An Eye to Space Grows Ears

Jax Sanders installation work for the LIGO project

Jax Sanders’ installation work for the LIGO project (photo by Corey Gray, LIGO Hanford)

Jaclyn (Jax) Sanders ’09 is one member of a large team of scientists who today announced experimental confirmation of gravitational waves. Proof came by way of sound (sort of), making the LIGO scientific team a group of astronomers with an ear (rather than an eye) turned to space. Again, sort of.  “We didn’t literally hear the waves,” explains Jax. “Sound is only an extended analogy–we observed shifts in the relative time of flight of two laser paths, which happened at frequencies between 50-350 Hz. If you translated those frequencies to sound, that would be about the range of a tuba.” Sight or sound (“We’re very sure that this signal is good,” says Jax), the observation work was for the purpose of detecting ripples in the fabric of space-time caused by the collision of two black holes a billion light-years away. The New York Times ran an in depth article on the magnitude of the discovery and its implications.

The waves (or ripples) were predicted by Albert Einstein a century ago when he developed his general theory relativity, which recast human perception of the universe from a Newtonian fixed and static framework to a more accurate model of flux deriving from a mathematically predictable dance of matter and energy and disturbances to both. If the general theory of relativity is indeed the key to the universe’s origin, shape and (perhaps) its eventual demise, then actual observation of gravitational waves would be one more empirical confirmation. They should exist, despite being invisible to the eye. And today, after decades of effort, it was announced that the waves have indeed been observed.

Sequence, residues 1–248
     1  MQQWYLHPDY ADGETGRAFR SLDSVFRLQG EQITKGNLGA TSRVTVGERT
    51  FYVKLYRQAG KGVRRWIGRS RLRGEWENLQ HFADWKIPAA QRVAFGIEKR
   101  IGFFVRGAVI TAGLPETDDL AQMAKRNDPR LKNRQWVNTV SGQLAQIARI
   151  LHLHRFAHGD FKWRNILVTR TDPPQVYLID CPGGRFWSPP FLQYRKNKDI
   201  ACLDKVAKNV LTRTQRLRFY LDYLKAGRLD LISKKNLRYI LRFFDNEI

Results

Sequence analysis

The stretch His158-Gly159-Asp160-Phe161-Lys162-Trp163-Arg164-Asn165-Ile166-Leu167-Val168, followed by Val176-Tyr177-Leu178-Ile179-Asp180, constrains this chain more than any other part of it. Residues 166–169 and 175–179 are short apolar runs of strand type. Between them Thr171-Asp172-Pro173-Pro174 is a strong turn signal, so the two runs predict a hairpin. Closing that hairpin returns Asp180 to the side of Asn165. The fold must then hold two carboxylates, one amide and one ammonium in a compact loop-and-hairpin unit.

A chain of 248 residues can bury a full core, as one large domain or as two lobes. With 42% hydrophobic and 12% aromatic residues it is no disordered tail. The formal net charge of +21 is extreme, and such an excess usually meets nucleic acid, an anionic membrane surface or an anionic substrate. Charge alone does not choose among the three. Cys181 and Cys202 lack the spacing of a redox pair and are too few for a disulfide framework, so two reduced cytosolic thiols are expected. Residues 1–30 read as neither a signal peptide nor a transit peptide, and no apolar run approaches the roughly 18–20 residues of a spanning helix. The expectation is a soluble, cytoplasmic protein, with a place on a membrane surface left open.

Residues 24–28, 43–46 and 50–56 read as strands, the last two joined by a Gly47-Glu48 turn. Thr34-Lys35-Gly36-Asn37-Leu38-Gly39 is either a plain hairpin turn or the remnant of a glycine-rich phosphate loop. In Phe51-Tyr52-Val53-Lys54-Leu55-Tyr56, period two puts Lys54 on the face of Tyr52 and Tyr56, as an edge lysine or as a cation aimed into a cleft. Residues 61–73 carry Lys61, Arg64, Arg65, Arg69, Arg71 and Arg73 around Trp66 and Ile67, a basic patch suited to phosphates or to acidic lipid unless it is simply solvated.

Jax’s personal involvement was as part of the commissioning team at LIGO Hanford (LIGO is the acronym for Laser Interferometer Gravitational-Wave Observatory). “I focused on the alignment and control system for the interferometer arms–solving the problem of how you keep two mirrors two and a half miles away from each other very still and pointing directly at each other, all without being able to physically touch them.”

“We’ve been watching the press conference here in the physics department,” said Professor of Physics Tom Askew.  “It all looks great, a big day for physics. It’s nice for K that Jax started her work on gravitational wave research as a Senior Individualized Project eight years ago.”  Jax explains: “I did my SIP research at LIGO Hanford, where I worked on a prototype system for synchronizing the outputs of two lasers located far away from each other using fiber optics. Although this system wasn’t necessary for use in the arm control system I worked on as a graduate student, I learned many of the basic skills I use to this day–radio frequency electronics, laser experimental skills, and signal analysis.”

Jax Sanders

Jax Sanders (photo by Amy Manley, Syracuse University

Jax earned her B.A. at K in physics and studied abroad in Budapest, Hungary. In December she received her Ph.D. in physics from the University of Michigan, and she is currently working as a postdoc at Syracuse University. “Coming from a school like K gave me the opportunity to diversify my intellectual experience,” she says, “giving me a rich background to draw from when constructing public talks and scientific analogies, and giving me the freedom to learn about new and exciting fields through independent studies.” She appreciates her undergraduate professors as well. “Dr. Askew definitely encouraged me to continue working in experimental hardware, and I appreciate all the support I received as an undergraduate.”

Long ago Einstein wrote that the driving force of interrogations of nature at the edge of understanding was “the longing to behold a pre-existing harmony.” Nice to have a liberal arts educated K alumna working at that far boundary.”I’m thrilled to be a part of this discovery,” says Jax, “and can only hope to report back on more exciting research soon!”